Let's look at it another way; does anyone seriously believe that the average American stands to benefit financially from the actions taken this week? That the profits of AIG, or BS, or Fannie and Freddie will be split equally amongst the masses? Of course not. Instead, tax payer money will flow from the Treasury to shore up the accounts of what should be insolvent corporations. Essentially out of your pocket and into the hands of Wall St, only making a quick pit stop in DC. Or worse, putting it on the national credit card by selling even more treasuries. This is not socialism. Instead, this more resembles a different form of societal structure: kleptocracy.
Second, how did we get to the point that simply the failure of one company would mean utter chaos for society at large? This fact alone illustrates very nicely that the financial system ceased to be a free market long before last week. The lifeblood of free markets is competition. Competition gives birth to fair pricing of goods and services as well as efficiency of commerce. If one business fails, another takes its place.
The fact that these corporations were too big to fail means they were too big. Period. If AIG couldn't hack it, then some other corporation would have stepped up to the plate. That is if the market place was truly free. But clearly it was not. Instead, what existed was, at the very least, a pseudo-monopoly. Many markets left to themselves will gradually evolve into monopolies, and one of the roles government needs to play is to insure that monopolies don't get to the point where they distort free markets to the point where they aren't really free anymore. Obviously government failed to meet that obligation in the financial sector the last few years.
I suppose that's what happens when the foxes are put in charge of the hen house. Only time will tell if the foxes can keep fooling everyone into believing that there are still some hens left.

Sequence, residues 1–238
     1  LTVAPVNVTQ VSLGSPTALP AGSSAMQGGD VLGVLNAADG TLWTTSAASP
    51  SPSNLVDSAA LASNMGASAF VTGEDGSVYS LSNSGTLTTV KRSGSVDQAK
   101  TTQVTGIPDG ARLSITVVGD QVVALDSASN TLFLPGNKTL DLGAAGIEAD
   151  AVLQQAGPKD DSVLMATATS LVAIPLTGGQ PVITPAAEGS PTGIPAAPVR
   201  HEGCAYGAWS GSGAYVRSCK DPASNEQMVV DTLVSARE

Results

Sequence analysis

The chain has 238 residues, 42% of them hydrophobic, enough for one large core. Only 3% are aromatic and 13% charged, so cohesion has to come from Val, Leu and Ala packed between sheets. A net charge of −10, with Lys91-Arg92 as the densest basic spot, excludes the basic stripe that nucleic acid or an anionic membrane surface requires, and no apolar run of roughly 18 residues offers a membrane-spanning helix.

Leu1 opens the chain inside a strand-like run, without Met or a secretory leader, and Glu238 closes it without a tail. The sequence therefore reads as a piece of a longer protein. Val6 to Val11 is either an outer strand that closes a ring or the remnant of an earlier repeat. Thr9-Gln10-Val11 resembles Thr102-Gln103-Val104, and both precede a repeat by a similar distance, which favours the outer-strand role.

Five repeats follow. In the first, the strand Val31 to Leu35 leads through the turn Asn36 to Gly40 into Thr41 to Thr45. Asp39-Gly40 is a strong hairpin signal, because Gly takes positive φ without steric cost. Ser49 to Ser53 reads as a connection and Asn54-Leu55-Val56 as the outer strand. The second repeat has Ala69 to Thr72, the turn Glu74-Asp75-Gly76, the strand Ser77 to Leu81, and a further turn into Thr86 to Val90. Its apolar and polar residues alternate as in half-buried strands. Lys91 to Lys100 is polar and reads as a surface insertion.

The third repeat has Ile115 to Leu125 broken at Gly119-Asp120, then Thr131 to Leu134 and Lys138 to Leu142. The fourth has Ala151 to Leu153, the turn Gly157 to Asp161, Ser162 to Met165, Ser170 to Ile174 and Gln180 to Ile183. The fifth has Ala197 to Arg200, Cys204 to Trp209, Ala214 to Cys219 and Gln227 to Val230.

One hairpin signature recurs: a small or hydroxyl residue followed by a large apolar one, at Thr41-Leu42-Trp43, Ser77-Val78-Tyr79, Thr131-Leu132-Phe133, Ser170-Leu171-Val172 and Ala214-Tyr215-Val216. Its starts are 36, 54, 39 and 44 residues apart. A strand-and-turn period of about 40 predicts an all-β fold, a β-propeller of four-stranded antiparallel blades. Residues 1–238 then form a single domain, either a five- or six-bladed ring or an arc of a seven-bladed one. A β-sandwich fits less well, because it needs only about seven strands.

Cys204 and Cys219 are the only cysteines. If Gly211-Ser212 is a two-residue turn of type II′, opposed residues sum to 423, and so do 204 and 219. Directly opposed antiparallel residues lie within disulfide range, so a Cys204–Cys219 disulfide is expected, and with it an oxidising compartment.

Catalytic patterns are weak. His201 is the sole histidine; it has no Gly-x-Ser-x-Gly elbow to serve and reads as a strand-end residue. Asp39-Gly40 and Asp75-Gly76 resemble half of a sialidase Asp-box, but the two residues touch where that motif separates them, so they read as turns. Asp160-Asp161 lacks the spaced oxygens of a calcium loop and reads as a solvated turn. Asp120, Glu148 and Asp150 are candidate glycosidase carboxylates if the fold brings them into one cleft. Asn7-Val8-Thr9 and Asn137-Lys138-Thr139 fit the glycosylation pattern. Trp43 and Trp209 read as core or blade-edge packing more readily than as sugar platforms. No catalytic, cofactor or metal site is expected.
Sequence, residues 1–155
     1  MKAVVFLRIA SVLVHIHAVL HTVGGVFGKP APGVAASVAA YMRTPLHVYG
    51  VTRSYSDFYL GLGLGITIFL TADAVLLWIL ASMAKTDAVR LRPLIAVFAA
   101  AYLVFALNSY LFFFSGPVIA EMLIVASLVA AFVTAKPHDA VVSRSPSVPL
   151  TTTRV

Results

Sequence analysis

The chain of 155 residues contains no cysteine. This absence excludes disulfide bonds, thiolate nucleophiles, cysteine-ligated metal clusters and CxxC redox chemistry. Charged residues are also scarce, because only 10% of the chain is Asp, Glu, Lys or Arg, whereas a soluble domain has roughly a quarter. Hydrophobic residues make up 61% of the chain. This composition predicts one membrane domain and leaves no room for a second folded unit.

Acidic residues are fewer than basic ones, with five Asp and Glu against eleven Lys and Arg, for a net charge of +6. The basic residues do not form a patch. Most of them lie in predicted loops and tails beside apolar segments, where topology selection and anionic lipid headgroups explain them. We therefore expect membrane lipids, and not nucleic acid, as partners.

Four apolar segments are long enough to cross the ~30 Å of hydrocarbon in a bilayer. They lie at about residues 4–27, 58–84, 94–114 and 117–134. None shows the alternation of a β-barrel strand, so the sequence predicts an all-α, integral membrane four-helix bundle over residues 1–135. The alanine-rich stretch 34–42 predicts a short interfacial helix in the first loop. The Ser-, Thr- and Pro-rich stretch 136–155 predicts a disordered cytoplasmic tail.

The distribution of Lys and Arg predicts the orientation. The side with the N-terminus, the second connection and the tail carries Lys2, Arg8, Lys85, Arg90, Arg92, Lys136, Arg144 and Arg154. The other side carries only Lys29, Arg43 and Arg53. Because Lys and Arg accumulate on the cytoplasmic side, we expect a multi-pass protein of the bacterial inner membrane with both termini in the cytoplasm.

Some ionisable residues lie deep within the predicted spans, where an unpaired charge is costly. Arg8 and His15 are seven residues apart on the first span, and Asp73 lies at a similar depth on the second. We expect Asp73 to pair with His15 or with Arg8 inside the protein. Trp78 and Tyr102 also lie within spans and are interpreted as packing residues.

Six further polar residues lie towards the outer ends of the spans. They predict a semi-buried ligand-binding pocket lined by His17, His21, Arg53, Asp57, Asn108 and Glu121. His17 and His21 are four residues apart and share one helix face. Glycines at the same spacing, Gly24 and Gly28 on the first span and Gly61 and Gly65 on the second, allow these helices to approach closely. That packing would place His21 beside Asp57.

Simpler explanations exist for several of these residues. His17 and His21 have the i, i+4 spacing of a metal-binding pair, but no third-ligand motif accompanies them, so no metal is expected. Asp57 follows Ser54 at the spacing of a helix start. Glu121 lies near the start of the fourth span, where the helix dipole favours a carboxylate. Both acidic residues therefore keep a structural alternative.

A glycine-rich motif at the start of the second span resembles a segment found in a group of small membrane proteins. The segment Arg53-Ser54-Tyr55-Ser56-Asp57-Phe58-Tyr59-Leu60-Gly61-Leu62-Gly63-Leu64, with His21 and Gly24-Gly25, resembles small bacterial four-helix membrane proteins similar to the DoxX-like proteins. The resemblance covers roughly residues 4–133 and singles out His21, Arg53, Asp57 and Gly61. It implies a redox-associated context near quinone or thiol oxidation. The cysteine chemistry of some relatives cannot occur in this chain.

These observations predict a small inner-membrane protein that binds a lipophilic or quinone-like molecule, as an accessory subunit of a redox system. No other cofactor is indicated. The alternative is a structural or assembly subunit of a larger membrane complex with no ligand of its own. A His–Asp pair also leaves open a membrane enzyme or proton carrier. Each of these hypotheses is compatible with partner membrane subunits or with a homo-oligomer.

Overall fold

The new favorite activity in Washington and elsewhere is speculation on who will be where in the new administration of Barack Obama. Some interesting lists and flowcharts have been developed.
-- MSNBC's First Read blog offers up their list of potential Cabinet members.
-- Then there's Paul Bedard's mysteriously sourced flowchart on Washington Whispers blog which will take a while to peruse.
-- CBS News published some speculation a few days ago in Brian Montopoli's article, "Breaking Down Obama's Cabinet Contenders".
-- eugene's well-written post on mandates, health care and health insurance is an excellent place to start if you haven't delved into the topic yet.
-- Steve Clemons has an interesting post addressed to the Obama administration titled "What Barack Obama Should Learn From Dick Cheney" that urges Obama to develop and promulgate the "Obama Way" in much the same way Dick Cheney extended his influence throughout the administration and federal government. An interesting premise but it needs more thought.
-- Tom Watson on Personal Democracy Forum has posted a thoughtful essay on the longer term implications of Obama's volunteers and methods and their impact on the non-profit and social justice sector.